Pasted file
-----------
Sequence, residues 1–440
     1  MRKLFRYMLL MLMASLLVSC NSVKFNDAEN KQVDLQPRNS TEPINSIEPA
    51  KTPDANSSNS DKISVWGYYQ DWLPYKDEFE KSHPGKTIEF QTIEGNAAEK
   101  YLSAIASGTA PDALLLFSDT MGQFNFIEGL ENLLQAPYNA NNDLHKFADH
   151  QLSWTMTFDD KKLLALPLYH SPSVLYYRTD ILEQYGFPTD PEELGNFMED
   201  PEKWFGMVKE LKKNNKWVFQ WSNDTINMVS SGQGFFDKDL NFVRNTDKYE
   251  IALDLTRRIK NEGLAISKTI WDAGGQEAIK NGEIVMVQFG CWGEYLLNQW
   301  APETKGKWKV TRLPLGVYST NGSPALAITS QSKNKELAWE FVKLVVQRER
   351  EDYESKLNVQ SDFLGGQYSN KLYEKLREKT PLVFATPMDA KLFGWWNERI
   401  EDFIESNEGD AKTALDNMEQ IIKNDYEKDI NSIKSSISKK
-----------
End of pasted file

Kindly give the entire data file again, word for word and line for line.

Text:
Sequence, residues 1–440
     1  MRKLFRYMLL MLMASLLVSC NSVKFNDAEN KQVDLQPRNS TEPINSIEPA
    51  KTPDANSSNS DKISVWGYYQ DWLPYKDEFE KSHPGKTIEF QTIEGNAAEK
   101  YLSAIASGTA PDALLLFSDT MGQFNFIEGL ENLLQAPYNA NNDLHKFADH
   151  QLSWTMTFDD KKLLALPLYH SPSVLYYRTD ILEQYGFPTD PEELGNFMED
   201  PEKWFGMVKE LKKNNKWVFQ WSNDTINMVS SGQGFFDKDL NFVRNTDKYE
   251  IALDLTRRIK NEGLAISKTI WDAGGQEAIK NGEIVMVQFG CWGEYLLNQW
   301  APETKGKWKV TRLPLGVYST NGSPALAITS QSKNKELAWE FVKLVVQRER
   351  EDYESKLNVQ SDFLGGQYSN KLYEKLREKT PLVFATPMDA KLFGWWNERI
   401  EDFIESNEGD AKTALDNMEQ IIKNDYEKDI NSIKSSISKK